Head lice

  • Burgess I
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Head lice can only be diagnosed by finding live lice, as eggs take 7 days to hatch and may appear viable for weeks after death of the egg. Infestation may be more likely in school children, with risks increased in children with more siblings, longer hair, and of lower socioeconomic group. We conducted a systematic review and aimed to answer the following clinical question: What are the effects of treatments for head lice? We searched: Medline, Embase, The Cochrane Library, and other important databases up to June 2010 (Clinical Evidence reviews are updated periodically, please check our website for the most up-to-date version of this review). We included harms alerts from relevant organisations such as the US Food and Drug Administration (FDA) and the UK Medicines and Healthcare products Regulatory Agency (MHRA). We found 26 systematic reviews, RCTs, or observational studies that met our inclusion criteria. We performed a GRADE evaluation of the quality of evidence for interventions. In this systematic review, we present information relating to the effectiveness and safety of the following interventions: benzyl alcohol, dimeticone, herbal and essential oils, insecticide combinations, isopropyl myristate, ivermectin, lindane, malathion, mechanical removal by combing ("bug busting"), oral trimethoprim-sulfamethoxazole (co-trimoxazole, TMP-SMX), permethrin, phenothrin, pyrethrum, and spinosad.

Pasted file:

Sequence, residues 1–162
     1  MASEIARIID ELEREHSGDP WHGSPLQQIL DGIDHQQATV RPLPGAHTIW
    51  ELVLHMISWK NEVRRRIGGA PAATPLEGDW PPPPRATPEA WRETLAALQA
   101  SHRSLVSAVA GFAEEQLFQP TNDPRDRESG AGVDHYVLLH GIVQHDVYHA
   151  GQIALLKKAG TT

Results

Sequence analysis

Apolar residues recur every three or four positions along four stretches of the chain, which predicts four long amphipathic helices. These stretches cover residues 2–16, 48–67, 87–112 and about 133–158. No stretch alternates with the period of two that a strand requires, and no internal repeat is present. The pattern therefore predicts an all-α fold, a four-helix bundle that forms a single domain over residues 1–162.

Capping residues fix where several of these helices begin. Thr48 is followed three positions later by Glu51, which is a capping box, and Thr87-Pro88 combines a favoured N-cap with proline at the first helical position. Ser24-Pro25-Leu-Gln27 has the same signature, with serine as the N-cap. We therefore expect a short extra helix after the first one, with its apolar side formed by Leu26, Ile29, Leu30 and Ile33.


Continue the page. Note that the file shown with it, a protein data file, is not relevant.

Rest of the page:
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  • Ian F Burgess

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